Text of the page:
Kansas ACT scores above national average but change little

TOPEKA (KSNT/AP) — Kansas high school students are scoring better on average than their peers nationally on the ACT college entrance exam and a higher percentage appear ready for college courses, though figures released Wednesday show their average scores haven’t changed much in recent years.

The State Department of Education noted that ACT, based in Iowa City, Iowa, said 32 percent of the state’s 2015 high school graduates taking the test met all benchmarks for college readiness — up from 28 percent for 2011 graduates and better than the national figure of 28 percent for 2015.

“We’re optimistic,” said department spokeswoman Denise Kahler. “We think there’s a lot of good growth to come.”

ACT released figures for students graduating in 2015, whether they took the test during their sophomore, junior or senior years. About 23,700 of the state’s graduates, or 74 percent, took the test, compared with the national average of 59 percent.

The average composite score this year for Kansas was 21.9 on a 36-point scale, compared with the national average of 21. It was 22 for Kansas graduates in both 2011 and 2014.

Kansas ACT

The state’s average composite score for this year was 21st in the nation, and the average scores for math, reading, English and science were either 21st or 22nd.

2015
2014
English
21.3
21.4
Reading
22.4
22.5
Math
21.6
21.7
Science
21.8
21.8
(ACT college readiness benchmark scores are: English, 18; Reading, 22; Math, 22; and Science 23.)


ACT expressed concern that students’ average scores nationally haven’t improved significantly in recent years.

But Kahler noted that more students are taking the test, 1.9 million for this year’s senior class, compared with 1.6 million for 2011 graduates. Also, 74 percent of Kansas high school graduating seniors took the 2015 ACT compared to 59 percent nationally.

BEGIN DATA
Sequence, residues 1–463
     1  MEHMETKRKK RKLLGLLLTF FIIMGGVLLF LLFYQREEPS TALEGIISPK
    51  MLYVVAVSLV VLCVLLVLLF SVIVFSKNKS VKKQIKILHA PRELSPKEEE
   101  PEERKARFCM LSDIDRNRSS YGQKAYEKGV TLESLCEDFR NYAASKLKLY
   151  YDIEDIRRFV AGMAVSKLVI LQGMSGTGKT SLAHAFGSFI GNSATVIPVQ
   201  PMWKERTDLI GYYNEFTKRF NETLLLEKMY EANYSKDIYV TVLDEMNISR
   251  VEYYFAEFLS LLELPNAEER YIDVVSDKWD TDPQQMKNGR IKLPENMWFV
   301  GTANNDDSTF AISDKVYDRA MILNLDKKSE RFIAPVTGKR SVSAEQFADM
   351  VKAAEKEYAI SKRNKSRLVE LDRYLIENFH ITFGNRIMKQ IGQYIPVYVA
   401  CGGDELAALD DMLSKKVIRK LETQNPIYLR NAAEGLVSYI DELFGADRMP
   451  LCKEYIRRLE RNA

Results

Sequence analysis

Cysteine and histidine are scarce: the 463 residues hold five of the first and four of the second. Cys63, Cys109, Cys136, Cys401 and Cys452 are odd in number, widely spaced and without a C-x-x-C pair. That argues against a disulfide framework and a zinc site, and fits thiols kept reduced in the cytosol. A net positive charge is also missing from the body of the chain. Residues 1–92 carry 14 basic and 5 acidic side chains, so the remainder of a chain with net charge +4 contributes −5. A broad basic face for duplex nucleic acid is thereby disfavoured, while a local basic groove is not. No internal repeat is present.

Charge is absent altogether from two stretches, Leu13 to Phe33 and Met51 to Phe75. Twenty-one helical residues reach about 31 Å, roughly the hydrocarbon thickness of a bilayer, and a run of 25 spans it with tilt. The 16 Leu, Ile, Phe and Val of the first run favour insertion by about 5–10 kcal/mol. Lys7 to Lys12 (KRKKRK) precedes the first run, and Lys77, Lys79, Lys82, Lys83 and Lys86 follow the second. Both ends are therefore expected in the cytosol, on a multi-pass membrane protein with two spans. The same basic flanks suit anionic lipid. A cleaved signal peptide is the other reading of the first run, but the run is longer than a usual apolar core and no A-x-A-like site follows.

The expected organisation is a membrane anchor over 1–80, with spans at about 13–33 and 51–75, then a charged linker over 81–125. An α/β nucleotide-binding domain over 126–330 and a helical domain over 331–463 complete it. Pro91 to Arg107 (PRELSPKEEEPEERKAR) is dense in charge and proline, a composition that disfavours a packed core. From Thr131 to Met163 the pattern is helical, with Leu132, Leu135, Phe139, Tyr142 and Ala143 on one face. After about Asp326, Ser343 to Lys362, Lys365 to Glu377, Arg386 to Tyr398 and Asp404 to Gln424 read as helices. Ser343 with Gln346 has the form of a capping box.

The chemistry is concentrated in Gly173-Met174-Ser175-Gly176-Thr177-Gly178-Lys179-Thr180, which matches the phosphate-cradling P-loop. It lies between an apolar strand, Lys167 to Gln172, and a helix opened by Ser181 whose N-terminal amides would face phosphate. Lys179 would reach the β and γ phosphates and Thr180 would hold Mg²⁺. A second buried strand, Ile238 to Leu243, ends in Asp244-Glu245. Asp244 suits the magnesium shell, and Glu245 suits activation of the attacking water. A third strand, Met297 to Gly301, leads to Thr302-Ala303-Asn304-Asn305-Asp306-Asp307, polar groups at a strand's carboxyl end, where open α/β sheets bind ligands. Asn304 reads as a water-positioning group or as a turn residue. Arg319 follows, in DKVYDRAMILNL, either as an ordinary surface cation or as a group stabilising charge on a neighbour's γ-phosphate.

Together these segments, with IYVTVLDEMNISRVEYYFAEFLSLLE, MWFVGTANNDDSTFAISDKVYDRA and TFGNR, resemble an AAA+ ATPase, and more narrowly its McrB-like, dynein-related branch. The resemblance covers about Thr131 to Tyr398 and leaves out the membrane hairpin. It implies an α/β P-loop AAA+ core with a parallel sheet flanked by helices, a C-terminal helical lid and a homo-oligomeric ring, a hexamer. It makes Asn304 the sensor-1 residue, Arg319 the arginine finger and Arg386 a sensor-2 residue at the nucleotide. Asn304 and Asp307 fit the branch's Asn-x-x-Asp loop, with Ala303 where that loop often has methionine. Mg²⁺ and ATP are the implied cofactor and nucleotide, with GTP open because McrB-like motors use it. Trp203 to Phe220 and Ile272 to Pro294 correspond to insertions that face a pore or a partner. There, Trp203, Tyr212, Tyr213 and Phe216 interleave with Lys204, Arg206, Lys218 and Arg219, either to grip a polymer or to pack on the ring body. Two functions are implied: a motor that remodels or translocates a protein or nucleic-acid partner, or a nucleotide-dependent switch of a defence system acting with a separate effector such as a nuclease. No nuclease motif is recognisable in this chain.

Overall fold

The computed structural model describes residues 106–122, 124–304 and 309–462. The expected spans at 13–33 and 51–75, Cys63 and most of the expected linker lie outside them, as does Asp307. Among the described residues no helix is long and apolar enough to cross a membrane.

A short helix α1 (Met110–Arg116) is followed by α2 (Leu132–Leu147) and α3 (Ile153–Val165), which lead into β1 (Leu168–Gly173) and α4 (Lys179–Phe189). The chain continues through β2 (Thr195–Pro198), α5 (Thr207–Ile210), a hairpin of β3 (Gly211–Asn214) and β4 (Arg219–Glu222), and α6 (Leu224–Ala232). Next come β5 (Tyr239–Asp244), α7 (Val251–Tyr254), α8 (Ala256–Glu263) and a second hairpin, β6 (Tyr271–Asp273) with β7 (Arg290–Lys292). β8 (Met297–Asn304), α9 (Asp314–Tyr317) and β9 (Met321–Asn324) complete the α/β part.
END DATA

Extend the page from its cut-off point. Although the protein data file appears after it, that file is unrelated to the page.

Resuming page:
Kansas Education Commissioner Randy Watson said: “Clearly, we all are proud of the great work our Kansas students, teachers and schools are doing, but it’s important to keep the results of this and any assessment in perspective. You are going to hear me say over and over again that assessments are one snapshot in time of a student’s academic readiness for postsecondary pursuits – whether those pursuits lead to college or careers. Academics alone cannot guarantee success. We would be doing our kids a disservice to not work equally hard on developing soft skills like persistence, conscientiousness, and teamwork.”

 

A release sent to KSNT News says that Watson is referencing the result of community conversations held earlier this year with Kansas residents and members of the business community. Those conversations, conducted by the Department of Education, saw “soft skills” cited seven times more than academic skills by parents, teachers, students, businesses, and representatives of higher education as they described their vision of a successful 24-year-old Kansan. The rate was even higher for members of the business community.

The Associated Press contributed to this story.

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